Particularization means mistaking some specific way of satisfying a need with the need itself.
It means confusing ends with means — mistaking what we want with one particular way of getting it.
“The genesis of particularization is habit, or conditioned response,” explain sociologists Snell & Gail Putney:
A person who has satisfied a need in one particular way since childhood is likely to have only a vague awareness of the need; his vivid consciousness will be of the familiar means of satisfaction. When feeling needful, he thinks instantly of the usual mode of fulfillment, bypassing recognition of the need itself….
But if for any reason the habitual behaviors are not very effective — as in many case they are not — particularization renders it difficult for the individual to recognize this fact…. Habit prevails, and he tends simply to try again in the familiar way.
The result is analogous to bailing a boat with a sieve.
~ From The adjusted American: Normal neuroses in the individual and society (Harper Colophon, 1964).
I see this all the time in people who grow up in alcoholic, abusive, or otherwise dysfunctional families.
Early on they learn to see life as unpredictable and dangerous (Will Dad drink or be sober? Will Mom hug me or hit me? Will everyone get along or fight until bedtime?) and blame their inner anxiety on events in their immediate environment.
Inevitably they try to manage their anxiety by controlling that environment (hide Dad’s beer, clean Mom’s kitchen, keep everyone laughing or distracted).
And there it is: particularization. As kids they equate something they need (feeling safe) with one particular way of getting it (controlling people, places and/or things). And they grow up convinced I must control things in order to feel safe.
Which leaves them no choice but to keep trying to rearrange the world around them.
Over and over and over.
And that, gentle reader, is how you create a control addict.
This happens to all of us, regardless of what our family was like. Why? Because we all start out as children. And children, having no power, are forced to rely on controlling the grownups around them.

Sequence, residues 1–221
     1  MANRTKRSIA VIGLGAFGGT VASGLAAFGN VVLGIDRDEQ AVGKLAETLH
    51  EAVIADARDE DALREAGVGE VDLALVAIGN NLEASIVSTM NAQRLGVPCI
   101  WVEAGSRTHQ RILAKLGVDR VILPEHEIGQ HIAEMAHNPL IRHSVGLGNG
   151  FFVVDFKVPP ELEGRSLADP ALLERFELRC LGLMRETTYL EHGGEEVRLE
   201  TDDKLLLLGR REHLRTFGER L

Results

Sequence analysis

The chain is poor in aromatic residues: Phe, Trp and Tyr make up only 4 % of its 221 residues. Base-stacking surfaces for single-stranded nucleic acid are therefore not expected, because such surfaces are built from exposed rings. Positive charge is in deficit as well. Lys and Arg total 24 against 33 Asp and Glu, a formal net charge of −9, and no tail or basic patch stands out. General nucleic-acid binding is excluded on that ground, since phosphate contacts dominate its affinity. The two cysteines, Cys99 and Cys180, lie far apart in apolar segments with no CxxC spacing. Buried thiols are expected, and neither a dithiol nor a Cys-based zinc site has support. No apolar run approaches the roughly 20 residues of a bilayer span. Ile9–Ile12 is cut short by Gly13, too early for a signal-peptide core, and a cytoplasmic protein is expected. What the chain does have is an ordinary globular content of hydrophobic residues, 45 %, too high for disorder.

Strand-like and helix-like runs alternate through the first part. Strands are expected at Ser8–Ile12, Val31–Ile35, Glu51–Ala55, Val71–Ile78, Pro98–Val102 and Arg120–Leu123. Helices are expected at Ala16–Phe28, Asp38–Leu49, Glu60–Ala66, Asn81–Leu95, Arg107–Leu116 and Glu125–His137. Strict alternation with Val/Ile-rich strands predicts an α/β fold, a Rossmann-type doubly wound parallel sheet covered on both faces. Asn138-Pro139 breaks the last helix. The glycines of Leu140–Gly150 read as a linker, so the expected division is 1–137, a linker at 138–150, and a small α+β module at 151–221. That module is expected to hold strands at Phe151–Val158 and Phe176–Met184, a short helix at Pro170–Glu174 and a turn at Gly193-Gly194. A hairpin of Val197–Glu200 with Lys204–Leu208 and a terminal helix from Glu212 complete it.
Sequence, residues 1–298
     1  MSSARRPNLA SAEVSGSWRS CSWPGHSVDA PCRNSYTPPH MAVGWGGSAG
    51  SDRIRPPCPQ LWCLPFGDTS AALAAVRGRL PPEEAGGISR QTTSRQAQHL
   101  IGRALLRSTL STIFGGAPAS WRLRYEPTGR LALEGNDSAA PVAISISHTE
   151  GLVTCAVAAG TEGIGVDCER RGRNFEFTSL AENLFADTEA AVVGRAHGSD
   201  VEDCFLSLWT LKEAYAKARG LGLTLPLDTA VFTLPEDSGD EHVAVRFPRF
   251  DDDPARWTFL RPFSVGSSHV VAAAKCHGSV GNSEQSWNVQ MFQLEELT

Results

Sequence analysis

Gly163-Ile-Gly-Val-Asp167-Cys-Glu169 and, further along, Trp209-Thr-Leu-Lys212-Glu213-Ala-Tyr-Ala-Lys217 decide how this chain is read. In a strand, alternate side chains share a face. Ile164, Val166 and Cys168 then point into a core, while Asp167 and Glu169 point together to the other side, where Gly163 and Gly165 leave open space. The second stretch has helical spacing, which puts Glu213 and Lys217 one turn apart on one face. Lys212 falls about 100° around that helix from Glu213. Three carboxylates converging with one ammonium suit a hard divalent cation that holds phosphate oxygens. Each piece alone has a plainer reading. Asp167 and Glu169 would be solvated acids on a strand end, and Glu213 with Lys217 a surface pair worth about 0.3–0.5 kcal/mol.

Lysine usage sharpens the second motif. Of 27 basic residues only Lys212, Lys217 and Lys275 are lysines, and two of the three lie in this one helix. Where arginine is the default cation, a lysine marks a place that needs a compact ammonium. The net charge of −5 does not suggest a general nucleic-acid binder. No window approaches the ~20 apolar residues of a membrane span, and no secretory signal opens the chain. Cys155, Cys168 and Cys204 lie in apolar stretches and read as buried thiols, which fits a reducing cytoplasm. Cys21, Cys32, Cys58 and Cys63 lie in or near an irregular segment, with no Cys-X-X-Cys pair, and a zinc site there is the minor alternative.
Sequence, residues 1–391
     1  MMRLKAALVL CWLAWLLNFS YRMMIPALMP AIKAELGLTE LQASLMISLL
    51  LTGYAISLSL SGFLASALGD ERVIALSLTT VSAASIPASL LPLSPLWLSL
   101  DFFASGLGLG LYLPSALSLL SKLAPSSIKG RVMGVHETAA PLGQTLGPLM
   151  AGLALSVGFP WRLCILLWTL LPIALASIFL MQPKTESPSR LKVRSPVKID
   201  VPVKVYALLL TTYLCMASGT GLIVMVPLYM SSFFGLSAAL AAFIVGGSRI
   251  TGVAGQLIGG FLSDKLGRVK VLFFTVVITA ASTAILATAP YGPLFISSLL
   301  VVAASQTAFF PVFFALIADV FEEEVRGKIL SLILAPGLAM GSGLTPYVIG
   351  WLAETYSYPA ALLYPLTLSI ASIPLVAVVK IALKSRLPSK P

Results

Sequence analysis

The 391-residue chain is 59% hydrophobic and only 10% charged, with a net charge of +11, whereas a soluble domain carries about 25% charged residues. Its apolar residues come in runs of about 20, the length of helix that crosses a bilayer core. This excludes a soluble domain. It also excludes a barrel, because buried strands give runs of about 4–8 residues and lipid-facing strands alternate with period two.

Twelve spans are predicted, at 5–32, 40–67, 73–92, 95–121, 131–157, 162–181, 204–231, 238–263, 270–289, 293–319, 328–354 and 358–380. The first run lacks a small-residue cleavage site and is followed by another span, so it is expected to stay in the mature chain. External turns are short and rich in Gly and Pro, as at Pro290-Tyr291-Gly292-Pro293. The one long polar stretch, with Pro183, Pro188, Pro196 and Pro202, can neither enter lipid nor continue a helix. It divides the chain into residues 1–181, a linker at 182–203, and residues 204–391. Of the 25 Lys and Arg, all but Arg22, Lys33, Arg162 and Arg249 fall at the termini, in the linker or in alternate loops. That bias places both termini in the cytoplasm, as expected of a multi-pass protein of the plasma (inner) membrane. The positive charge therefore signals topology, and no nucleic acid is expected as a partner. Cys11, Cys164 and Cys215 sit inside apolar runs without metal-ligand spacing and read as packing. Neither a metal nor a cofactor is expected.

“When the only tool you have is a hammer,” Abraham Maslow wrote, “everything looks like a nail.”
So we’re all adult children. We’re all control addicts. And we all enter adulthood with the same hammer in hand.
Some of us, though, get sick and tired of secretly feeling and functioning like kids.
At which point the crucial question becomes:
Is there another way to rearrange how we’re feeling inside?
Leave a comment | posted in compulsive controlling, control, dysfunctional controlling, external control
Another thing we control addicts tend to get wrong is the difference between actual control and what I call a sense of control.
Like you, I want to feel certain feelings. I also want to avoid feeling others.
For example, I want to feel column A and avoid column B.
And so on.
Sense of control refers to those moments when we feel only the items in column A.
It’s in those moments that our internal universe seems to be under our command.
And we hunger for those moments. We hunger for happiness and safety, confidence and love. Those experiences are what we live for.
In fact, our whole lives are arranged in an attempt to repeat these experiences as often as possible.
Think about it. Doesn’t every choice you make boil down to an attempt to answer questions like What will make me happy, not sad? Comfortable, not uncomfortable? Connected, not alienated?
Our preference for Column A experiences is rooted in survival instinct, and so hardwired into us. That makes it the inevitable basis for all our conscious choices, and all our unconscious choices too.
And often we conclude that what will enable us to choose comfort over discomfort is to get actual control — control of the external world around us.
And that’s a valid conclusion sometimes. Of course I’ll feel better if
~ My car stays on the road (instead of hitting that tree),
~ The boss raises my salary (instead of firing me),
~ My kid aces English (instead of failing it),
~ This attractive woman agrees to have dinner with me (instead of slapping my face).
All these experiences, and a million others like them, leads us to conclude that the way to get a sense of control is to get actual control.
A natural conclusion, but a flawed one.
Because one (the internal feeling) is a goal. And the other (control over the external world) is just one means to that goal.
They’re. Not. The. Same.
And it can be dangerous, self-defeating, and crazy-making to conclude that they are.
Leave a comment | tags: addiction to control, compulsive controlling, control addiction, illusion of control, pathologies of control | posted in control, controlling behavior, dysfunctional controlling, external control, unconscious controlling